Georgia championship hopes rely on reloading secondary, Mel Tucker breakdown explains why
ATHENS — It will be hard for Georgia fans to take their eyes off the Bulldogs’ offense in the G-Day Game, but the secondary should be the primary focus.
The Bulldogs ability to reload in the defensive backfield appears key to a national title run.
Three of the four College Football Playoff teams last season finished No. 1 or No. 2 in their respective conferences in pass efficiency defense.
Georgia has produced the No. 1 run-stopping defense in the nation the past two seasons, and that doesn’t figure to change with Jordan Davis, Devonte Wyatt, Julian Rochester and Jalen Carter returning to anchor the interior defensive line.
But as Michigan State head coach Mel Tucker explained, what happens on the back end of the defense is pivotal against elite spread teams UGA figures to have to get through to win a championship.
“The game has changed with the RPOs and spreads,” said Tucker, who was Georgia’s defensive coordinator from 2016-2018. “What it does, is it puts a lot of pressure on your defensive backs.”
UGA coach Kirby Smart inherited a talented defensive backfield from Mark Richt when he took over the program before the 2016 season, and the Bulldogs have recruited well to the secondary ever since.
Perhaps even too well.
Cornerback DJ Daniel, whose preseason ankle injury put him a step behind and out of the starting lineup last season, decided to pass up the chance to come back and start. He, too, is headed to the NFL.
Preseason All-American safety Richard LeCounte also decided not to return, as did reliable nickleback Mark Webb.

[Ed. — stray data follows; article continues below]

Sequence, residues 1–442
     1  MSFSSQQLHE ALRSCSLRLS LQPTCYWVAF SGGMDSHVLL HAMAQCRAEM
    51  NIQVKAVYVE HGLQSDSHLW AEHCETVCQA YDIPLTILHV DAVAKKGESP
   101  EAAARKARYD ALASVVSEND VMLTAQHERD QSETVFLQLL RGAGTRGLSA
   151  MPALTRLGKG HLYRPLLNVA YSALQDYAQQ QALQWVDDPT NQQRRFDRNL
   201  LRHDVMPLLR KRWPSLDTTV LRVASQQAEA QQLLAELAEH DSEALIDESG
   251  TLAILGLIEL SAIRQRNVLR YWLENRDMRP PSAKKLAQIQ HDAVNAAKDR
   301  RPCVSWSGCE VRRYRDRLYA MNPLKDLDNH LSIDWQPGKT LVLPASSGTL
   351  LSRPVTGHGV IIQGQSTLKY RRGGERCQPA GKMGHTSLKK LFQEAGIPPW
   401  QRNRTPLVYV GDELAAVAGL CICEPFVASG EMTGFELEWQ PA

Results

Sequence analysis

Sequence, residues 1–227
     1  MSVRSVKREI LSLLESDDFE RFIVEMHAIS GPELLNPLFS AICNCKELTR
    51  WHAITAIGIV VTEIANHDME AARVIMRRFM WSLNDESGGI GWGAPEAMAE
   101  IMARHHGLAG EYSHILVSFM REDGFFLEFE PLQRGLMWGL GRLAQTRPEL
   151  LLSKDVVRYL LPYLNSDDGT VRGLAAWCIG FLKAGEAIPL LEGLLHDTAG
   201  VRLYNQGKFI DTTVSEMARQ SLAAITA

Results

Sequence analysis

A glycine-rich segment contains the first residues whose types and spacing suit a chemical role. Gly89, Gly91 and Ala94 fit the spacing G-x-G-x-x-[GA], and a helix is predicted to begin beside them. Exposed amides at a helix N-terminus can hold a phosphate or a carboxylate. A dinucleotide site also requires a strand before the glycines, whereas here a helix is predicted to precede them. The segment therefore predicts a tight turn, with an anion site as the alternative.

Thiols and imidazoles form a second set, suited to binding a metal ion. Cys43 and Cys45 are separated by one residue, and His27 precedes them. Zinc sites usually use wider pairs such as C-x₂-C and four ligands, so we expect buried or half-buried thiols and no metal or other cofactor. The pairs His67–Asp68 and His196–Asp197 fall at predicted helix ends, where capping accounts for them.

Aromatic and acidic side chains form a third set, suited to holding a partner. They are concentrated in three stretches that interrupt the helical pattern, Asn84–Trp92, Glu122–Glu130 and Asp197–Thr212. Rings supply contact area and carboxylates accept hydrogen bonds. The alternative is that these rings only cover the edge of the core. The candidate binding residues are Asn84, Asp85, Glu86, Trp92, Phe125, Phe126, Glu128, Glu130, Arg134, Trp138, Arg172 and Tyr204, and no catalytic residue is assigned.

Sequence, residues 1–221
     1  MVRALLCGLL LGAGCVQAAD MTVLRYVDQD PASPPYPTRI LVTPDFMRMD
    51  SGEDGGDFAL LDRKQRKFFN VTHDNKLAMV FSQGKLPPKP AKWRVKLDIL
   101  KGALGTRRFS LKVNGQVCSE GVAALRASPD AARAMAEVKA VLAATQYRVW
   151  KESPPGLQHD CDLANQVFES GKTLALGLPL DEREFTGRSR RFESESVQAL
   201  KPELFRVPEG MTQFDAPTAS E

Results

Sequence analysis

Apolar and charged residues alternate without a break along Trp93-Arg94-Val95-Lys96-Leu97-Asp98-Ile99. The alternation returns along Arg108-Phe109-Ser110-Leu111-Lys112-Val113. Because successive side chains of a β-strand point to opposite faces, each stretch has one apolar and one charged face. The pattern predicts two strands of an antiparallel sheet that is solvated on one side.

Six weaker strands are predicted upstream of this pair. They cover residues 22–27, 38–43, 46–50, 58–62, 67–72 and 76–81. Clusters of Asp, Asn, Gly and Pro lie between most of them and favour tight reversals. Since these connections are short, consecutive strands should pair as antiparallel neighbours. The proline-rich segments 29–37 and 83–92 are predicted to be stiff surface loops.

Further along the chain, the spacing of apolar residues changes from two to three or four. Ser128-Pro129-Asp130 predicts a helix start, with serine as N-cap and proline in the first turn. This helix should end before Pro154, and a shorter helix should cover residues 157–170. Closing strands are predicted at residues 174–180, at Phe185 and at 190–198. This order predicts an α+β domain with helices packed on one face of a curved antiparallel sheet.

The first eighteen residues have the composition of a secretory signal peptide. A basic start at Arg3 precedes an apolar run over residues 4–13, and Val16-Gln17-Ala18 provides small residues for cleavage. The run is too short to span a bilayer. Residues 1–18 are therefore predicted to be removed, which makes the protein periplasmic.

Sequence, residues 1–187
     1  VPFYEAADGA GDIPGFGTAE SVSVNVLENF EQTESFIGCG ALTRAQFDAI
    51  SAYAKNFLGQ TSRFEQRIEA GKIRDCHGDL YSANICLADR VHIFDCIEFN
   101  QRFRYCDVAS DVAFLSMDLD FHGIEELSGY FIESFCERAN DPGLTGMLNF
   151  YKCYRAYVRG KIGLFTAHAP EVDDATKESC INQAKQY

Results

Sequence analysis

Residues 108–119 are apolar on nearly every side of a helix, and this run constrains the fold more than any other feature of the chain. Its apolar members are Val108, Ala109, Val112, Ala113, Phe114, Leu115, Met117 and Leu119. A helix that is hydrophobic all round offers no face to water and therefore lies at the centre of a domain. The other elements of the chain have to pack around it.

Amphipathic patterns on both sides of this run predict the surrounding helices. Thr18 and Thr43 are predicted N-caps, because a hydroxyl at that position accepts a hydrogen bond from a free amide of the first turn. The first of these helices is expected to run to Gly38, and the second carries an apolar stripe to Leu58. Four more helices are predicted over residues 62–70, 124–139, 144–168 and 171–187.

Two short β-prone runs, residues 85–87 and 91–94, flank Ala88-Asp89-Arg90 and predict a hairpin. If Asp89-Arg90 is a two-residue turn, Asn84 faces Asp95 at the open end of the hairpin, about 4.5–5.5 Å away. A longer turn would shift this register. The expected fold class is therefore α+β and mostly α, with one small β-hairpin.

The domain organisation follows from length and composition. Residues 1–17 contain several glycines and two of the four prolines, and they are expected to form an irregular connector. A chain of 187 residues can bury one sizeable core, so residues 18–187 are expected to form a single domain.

When you add it up, between the NFL attrition and four scholarship players who have transferred out of the secondary since the end of the 2019 season, it makes for a major reload.
Georgia seems to have the front-line talent in the secondary. Young corners Jalen Kimber, Daran Branch and Kelee Ringo are ready to compete with returning junior Ameer Speed to fill big shoes at cornerback.
UGA also signed incoming defensive back prospects Nyland Green, Kamari Lassiter, David Daniel and Javon Bullard in the 2021 class.
But the Bulldogs will be shy on experience, barring graduate transfer or NCAA portal additions, and the depth is in question.
Tucker made it clear it comes down to talent and football skills in the secondary, and it will be paramount.
“Whether they are corners or safeties, they have to be able to cover one on one,” Tucker said. “You can’t put those linebackers in run-pass conflict. Those guys have to read to the run, and if they decide to throw, you are basically one on one.
“So it puts a premium on having versatile defensive backs that can cover man to man in the slot inside, and also do a great job in run protection, perimeter runs and on bubbles (routes) and jailbreak screens.”
UGA lists its base formation as a 3-4. But have observed that opponents’ personnel packages have dictated more 3-3-5 looks and six defensive back alignments.
“Those (Stars) are valuable, playing nickel with five defensive backs, dime with six defensive backs, that’s normal nowadays,” Tucker said. “You need to be two or three deep at the star position or at the dime position.”
Indeed, many UGA fans groaned when Divaad Wilson transferred to UCF following the 2019 season, and more recently, Tyrique Stevenson headed to Miami, Fla.
Tucker and Smart — both collegiate DBs, Tucker at Wisconsin, Smart an All-SEC pick at UGA — worked extremely well coaching together at Alabama and Georgia. They most often shared the same philosophies, and certainly when it came to what they expect out of their defensive backs.
“It puts a lot of onus on those guys back there to understand there’s no such thing as a cover corner anymore, you need a football player,” Tucker said.
“You need a guy that understands you got to stop the run first, earn the right to rush the passer, and get into these exotic pressures.”
Georgia did just that last season, leading the SEC and finishing 11th in the nation with 3.2 sacks per game.
The question is, will the Bulldogs have the sort of run support from the secondary to put teams in those passing downs? And, once it is third-and-long, can Georgia have the sort of pass coverage from its defensive backs that lead to sacks?
UGA spring practice starts March 16 leading up to the April 17 G-Day Game.
Georgia football offseason